Huma Abedin has decided to separate from her husband Anthony Weiner, who is in the middle of a new sexting scandal.

Huma Abedin, Anthony Weiner Separating

Abedin, a longtime aide of Democratic presidential nominee Hillary Clinton, released a statement Monday morning to announce that she is separating from Weiner. The announcement comes on the heels of a new report exposing Weiner’s ongoing extramarital sexting.

“After long and painful consideration and work on my marriage, I have made the decision to separate from my husband. Anthony and I remain devoted to doing what is best for our son, who is the light of our life. During this difficult time, I ask for respect for our privacy,” Abedin said in the statement released today.

Over the weekend, it was revealed that Weiner has not quit his sexting habit following two prior scandals. Weiner has apparently been exchanging messages with an unnamed “40-something divorcee” since January 2015, according to the New York Post. Last month, Weiner sent the woman a picture of himself in just a pair of white boxer briefs with his and Abedin’s son Jordan, 4, in the background.


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After sending the picture, Weiner feared that he’d accidentally posted it on his public Twitter profile. “Ooooooh . . . I was scared. For half a second I thought I posted something,” Weiner wrote, adding, “Stop looking at my crotch.”

Over the months, Weiner and the woman exchanged many images of themselves in various states of undress, and their text messages frequently veered into sexual territory. Weiner also reportedly attempted to meet up with the woman in New York City, which supposedly never happened.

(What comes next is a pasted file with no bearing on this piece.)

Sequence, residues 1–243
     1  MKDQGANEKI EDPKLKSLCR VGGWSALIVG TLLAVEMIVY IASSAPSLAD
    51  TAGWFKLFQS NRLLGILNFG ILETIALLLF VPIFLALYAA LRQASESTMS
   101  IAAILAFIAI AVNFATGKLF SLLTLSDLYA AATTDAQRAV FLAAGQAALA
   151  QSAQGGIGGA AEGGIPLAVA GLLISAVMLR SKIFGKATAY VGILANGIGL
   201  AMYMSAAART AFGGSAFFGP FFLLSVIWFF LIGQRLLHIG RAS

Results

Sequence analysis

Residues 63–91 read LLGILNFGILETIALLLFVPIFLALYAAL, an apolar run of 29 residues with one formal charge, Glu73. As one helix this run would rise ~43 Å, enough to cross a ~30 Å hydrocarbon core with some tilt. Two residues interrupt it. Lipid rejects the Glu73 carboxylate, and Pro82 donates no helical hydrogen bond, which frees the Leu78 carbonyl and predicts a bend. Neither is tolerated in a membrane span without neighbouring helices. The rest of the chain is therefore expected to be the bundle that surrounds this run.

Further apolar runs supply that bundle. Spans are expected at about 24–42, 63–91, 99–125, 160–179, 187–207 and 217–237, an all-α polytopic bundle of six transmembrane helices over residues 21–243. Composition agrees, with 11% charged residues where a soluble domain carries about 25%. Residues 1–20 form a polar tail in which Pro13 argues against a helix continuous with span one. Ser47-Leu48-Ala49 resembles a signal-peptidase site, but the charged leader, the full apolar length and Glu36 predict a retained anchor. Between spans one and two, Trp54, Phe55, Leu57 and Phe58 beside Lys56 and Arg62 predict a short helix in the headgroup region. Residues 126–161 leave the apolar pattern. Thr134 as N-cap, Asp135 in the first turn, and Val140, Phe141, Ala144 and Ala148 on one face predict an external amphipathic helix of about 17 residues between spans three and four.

Weiner did not deny the messages when asked for comment. “[We have been friends for some time,” Weiner told the Post. “She has asked me not to comment except to say that our conversations were private, often included pictures of her nieces and nephews and my son and were always appropriate.”

When Weiner was asked just last month about whether or not he’d kicked his sexting habit – which led to his resignation from Congress in 2011 and a failed mayoral bid in 2013 – he declined to get into the matter.

“I’m not going to go down the path of talking about any of that,” Weiner told The New York Times. “But I will say this: There’s no doubt that the [Donald] Trump phenomenon has led a lot of people to say to me, ‘Boy, compared to inviting the Russians to come hack someone’s email, your thing seems almost quaint.’ ”

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